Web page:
My notes on the horror film The Witch: A New England Folk Tale (2015)
Writer-director Robert Eggers’ impressive feature purports to be based on many folk tales and traditions of Puritan New England. It’s about what happens to this one family in the 1630s when they are banished from a settled community (over a tiny doctrinal difference?) to a wilderness where they try to farm. An almost casual collection of blights and curses is put down to the influence of a witch who is seen in many forms and may even be a whole coven of creatures – though it’s a toss-up as to whether this malign spirit comes out of the deep dark woods or from within the characters. Eggers is at least as much in the thrall of the ‘suffering peasant’ school of arthouse cinema, with its sense of the physical and spiritual hardship of struggling with weather and landscape to eke out a bare living, as it is a supernatural horror movie. Though magical phenomena are depicted, there’s a sense that it could all be a shared hallucination – paving the way for witch panics and persecutions yet to come.
William (Ralph Ineson), a dour man and fairly helpless as a farmer or hunter, has dragged his wife Katherine (Kate Dickie) from England against her will … and now further removes her from any society but his and their children’s. William can’t even shoot a rabbit (the powder blows up in his face) or set a proper snare (he uses a man-trap). The focus is Thomasin (Anya Taylor-Joy), their beautiful daughter, who takes the blame for many things – culminating with a shock moment as she is playing peek-a-boo with the family’s youngest when the baby is suddenly taken away. We see the witch (Bathsheba Garnett) sacrificing the child and smearing herself with its blood, and talk of a wolf seems far-fetched since animals are scarce in these woods. Caleb (Harvey Scrimshaw), Thomasin’s brother, is erotically obsessed with her in a way which makes their mother jealous, while younger twins Mercy (Ellie Grainger) and Jonas (Lucas Dawson) innocently or not-so innocently accuse her of being the witch of the woods, a title she claims when turning the tables to terrify them but later has trouble getting rid of. The kids might be consorting with their goat, Black Phillip, a possible Satanic influence who becomes terrifyingly violent in the climax.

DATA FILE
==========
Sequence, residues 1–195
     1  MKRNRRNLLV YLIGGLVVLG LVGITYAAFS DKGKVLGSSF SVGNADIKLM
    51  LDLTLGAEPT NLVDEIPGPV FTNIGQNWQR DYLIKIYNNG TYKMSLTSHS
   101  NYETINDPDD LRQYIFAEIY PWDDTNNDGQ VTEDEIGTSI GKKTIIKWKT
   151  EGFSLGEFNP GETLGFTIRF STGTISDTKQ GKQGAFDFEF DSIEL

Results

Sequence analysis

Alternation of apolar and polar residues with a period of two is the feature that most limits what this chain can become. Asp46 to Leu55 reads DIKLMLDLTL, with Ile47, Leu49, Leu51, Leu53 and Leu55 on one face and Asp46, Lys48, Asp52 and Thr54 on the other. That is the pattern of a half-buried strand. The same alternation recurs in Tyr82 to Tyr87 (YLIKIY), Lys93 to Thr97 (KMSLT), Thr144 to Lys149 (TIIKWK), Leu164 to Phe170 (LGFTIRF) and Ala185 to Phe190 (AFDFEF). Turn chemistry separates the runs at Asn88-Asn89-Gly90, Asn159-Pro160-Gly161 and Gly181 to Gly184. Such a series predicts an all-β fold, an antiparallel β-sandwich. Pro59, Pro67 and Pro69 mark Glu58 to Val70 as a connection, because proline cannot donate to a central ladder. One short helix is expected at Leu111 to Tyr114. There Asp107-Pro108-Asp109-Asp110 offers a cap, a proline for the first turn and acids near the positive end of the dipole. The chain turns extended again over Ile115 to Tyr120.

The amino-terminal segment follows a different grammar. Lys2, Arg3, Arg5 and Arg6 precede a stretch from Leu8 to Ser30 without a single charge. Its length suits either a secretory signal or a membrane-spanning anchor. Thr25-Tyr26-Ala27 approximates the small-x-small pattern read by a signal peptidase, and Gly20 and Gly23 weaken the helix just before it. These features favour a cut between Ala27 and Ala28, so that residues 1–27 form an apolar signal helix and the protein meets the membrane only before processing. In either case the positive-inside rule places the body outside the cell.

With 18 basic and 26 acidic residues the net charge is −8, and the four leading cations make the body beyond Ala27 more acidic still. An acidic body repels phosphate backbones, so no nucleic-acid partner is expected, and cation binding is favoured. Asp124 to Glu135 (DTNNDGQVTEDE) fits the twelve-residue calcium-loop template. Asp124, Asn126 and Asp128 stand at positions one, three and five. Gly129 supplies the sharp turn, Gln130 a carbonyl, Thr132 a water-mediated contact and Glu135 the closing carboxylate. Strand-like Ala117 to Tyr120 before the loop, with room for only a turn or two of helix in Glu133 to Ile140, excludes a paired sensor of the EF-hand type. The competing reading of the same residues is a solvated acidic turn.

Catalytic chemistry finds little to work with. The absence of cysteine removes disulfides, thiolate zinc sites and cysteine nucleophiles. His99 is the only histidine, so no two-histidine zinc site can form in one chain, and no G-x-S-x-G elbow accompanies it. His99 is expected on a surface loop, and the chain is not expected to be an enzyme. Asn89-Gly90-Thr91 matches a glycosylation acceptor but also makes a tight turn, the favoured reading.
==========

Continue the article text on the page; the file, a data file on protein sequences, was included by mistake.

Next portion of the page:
William and Caleb take actions (chopping too many logs, heading off for help on the family’s only horse) which have disastrous consequences, but throughout Thomasin is allowed to take the blame for all ills that befall the family – even the loss of a prized silver cup, Katherine’s heirloom, which William has sold. Puritan oppressiveness and enforced obedience just make everyone unhappy, as the petty, useless patriarch fails to listen to or protect the family he has dragged into the woods probably to die … until the only course a girl has is to embrace the label stuck on her and become a witch,ambiguously seeking out others of her kind as if this story has been replayed on wretched homesteads all over the colony. It’s a beautiful film, which makes its wilds as magical as they are threatening, and risks alienating the straight-up horror audience by a deliberately slow pace and plot-lurches, with sudden changes and abandonments of story threads and dialogue (often taken from historical record) which sounds as odd and funny as it is horrific.
The Witch would make an interesting double bill with Stephen Fingleton’s The Survivalist, which has a similar menaced-family-on-a-meagre-farm-in-the-woods feel – and even a shares the unusual bit of business about setting a man-trap for smaller game – but takes place after the fall rather than before the rise of civilisation.
I’ve heard reports that at the end someone climbs over the fence and finds out they’d been in the present day all along, not the seventeenth century at all.